Me: “Babe, what are you doing?”
J: “Practicing my Tibetan throat singing.”
Sometimes people say things that you just have to write down.
On the same topic (not at all), I’ve just realized that this blog was started for the purpose of writing about what I’m reading, and something I’ve written about not at all lately is what I’m reading.
(You might be surprised to learn that I’m an editor extraordinaire by day. But this is 10:37 pm! Which is most certainly not by day. (That was an excuseplanation (yup, excuse + explanation, it’s fine, just move on) for the previous (and hideous) sentence.))
So, tra-la-la! BOOKS.
Here are some highlights from the past few months of Lisa’s Bookshelf:
Are You My Mother? – Alison Bechdel
I hate to say it, but I agree with the reviews. (I’m kind of obsessed with reading book reviews.) (Especially the Guardian‘s.) Not really a sequel to Fun Home so much as a meditation on writing and psychoanalysis–and sometimes just a bunch of long quotes from what Bechdel was reading. Beautiful artwork, but nowhere near as entertaining and innovative as Fun Home, which is definitely one of my Top Five Favorite Graphic Novels.
Peter Pan – Jim Barrie (unabridged audiobook, read by Jim Dale)
OMG Jim Dale. (Who also reads the Harry Potter audiobooks.) (Further OMG.) I might be biased because I once-upon-a-time wanted to be Peter Pan when I grew up. Still, this is a completely enthralling classic. From an adult perspective, it can also be pretty disturbing–such as the part where Mrs. Darling tucks her children in at night and lovingly re-arranges their minds:
Mrs. Darling first heard of Peter when she was tidying up her children’s minds. It is the nightly custom of every good mother after her children are asleep to rummage in their minds and put things straight for next morning, repacking into their proper places the many articles that have wandered during the day. If you could keep awake (but of course you can’t) you would see your own mother doing this, and you would find it very interesting to watch her. It is quite like tidying up drawers. You would see her on her knees, I expect, lingering humorously over some of your contents, wondering where on earth you had picked this thing up, making discoveries sweet and not so sweet, pressing this to her cheek as if it were as nice as a kitten, and hurriedly stowing that out of sight. When you wake in the morning, the naughtiness and evil passions with which you went to bed have been folded up small and placed at the bottom of your mind and on the top, beautifully aired, are spread out your prettier thoughts, ready for you to put on.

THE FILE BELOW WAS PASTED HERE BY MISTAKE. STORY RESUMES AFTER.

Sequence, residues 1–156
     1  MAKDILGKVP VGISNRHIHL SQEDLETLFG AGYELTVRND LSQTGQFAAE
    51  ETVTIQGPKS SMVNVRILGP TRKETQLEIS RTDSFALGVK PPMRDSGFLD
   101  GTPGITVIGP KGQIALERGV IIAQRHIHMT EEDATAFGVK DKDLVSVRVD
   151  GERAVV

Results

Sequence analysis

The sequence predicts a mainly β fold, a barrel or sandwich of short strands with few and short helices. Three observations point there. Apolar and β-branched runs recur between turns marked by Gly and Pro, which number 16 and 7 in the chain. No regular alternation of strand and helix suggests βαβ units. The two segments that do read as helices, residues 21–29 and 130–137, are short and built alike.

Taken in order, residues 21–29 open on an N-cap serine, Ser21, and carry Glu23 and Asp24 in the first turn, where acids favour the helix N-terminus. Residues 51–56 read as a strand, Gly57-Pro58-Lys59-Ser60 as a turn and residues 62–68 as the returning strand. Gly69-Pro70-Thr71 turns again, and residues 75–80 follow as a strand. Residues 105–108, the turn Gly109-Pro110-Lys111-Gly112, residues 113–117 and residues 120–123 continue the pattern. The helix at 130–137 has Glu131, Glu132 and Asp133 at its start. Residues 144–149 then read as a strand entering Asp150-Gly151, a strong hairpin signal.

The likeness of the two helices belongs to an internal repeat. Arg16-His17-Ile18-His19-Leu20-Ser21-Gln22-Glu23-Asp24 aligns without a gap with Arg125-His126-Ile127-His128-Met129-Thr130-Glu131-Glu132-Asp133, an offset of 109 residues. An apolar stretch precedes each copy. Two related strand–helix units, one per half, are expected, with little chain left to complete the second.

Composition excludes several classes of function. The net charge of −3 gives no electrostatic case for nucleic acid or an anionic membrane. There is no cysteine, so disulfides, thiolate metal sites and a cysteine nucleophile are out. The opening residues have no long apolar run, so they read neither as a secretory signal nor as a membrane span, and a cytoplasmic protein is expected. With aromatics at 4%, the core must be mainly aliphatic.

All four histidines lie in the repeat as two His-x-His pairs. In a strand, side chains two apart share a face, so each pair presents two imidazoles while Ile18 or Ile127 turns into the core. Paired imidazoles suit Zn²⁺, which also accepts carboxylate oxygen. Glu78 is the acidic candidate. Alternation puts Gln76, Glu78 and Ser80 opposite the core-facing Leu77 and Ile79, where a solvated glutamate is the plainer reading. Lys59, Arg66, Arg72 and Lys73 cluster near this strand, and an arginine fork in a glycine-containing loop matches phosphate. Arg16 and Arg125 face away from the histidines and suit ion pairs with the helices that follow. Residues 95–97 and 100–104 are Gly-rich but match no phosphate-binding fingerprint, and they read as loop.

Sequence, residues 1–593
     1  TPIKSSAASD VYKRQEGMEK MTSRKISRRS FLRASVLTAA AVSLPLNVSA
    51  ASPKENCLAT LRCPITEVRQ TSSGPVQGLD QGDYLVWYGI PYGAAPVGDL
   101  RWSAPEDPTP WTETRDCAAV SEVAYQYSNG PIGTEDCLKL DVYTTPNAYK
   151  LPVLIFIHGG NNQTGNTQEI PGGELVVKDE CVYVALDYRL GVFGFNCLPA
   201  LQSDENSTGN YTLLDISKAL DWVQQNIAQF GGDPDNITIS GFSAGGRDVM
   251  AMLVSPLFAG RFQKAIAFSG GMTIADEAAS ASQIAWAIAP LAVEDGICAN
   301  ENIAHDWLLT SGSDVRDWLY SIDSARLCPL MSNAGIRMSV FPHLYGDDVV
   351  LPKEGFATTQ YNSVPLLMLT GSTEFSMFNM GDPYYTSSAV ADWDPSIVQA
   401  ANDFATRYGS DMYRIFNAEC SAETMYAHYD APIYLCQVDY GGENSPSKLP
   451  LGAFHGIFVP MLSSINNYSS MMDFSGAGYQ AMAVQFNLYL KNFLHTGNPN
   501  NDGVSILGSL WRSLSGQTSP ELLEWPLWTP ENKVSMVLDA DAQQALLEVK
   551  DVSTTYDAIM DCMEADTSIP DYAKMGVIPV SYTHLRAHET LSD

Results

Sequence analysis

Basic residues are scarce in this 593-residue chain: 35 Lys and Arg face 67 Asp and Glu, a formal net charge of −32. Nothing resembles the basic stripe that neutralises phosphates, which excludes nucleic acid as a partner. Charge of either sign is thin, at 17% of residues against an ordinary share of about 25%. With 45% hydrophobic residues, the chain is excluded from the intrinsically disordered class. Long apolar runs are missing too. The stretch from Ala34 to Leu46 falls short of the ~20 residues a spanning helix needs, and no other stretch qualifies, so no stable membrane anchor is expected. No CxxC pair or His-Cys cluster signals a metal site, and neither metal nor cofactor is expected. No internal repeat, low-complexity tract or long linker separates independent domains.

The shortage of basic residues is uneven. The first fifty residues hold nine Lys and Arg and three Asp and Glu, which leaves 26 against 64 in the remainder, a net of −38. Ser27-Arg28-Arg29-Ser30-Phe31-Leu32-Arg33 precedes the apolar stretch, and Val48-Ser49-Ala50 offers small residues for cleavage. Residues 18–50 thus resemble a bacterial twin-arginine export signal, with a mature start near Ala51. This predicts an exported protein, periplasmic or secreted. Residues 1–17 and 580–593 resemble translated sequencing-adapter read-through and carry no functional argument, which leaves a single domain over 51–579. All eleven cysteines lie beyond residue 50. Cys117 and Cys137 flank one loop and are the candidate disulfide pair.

Now, isn’t that kind of, like, 1984?? I’m just sayin’.
Medicine Road – Charles de Lint
Not perhaps the most satisfying plot ever, but I fell in love with these characters and the American Indian folklore world they live in. And, come to think of it, that’s really all I ask of a work of fiction: Not a great plot twist or a great ending, just a place I can escape to in my imagination, filled with people I wish I could meet in real life. Charles de Lint never fails at that.
Neverwhere – Neil Gaiman
People have been hyping this one up for me for so many years now that I was almost (almost) disappointed. It was just, ya know, Gaiman. Being amazing. It’s what he does. Anyone else think this would make a beautiful graphic novel? Has it ever happened?? The Internet could not tell me.
Caddy’s World – Hilary McKay
My sister brought this back for me all the way from London and I managed to save it for eight months before om-nom-nom-ing it up (washed down with a cuppa tea, of course) all in one day. The delicious prequel to one of my favorite YA series (Saffy’s Angel and sequels, previously gushed about here and here). And now I have gotten distracted by the announcement on Hilary McKay’s website saying that she has written a sequel to The Little Princess.
http://www.dclibrary.org, she types as fast as possible, hoping she remembered to save the draft of her blog post before navigating away from the pa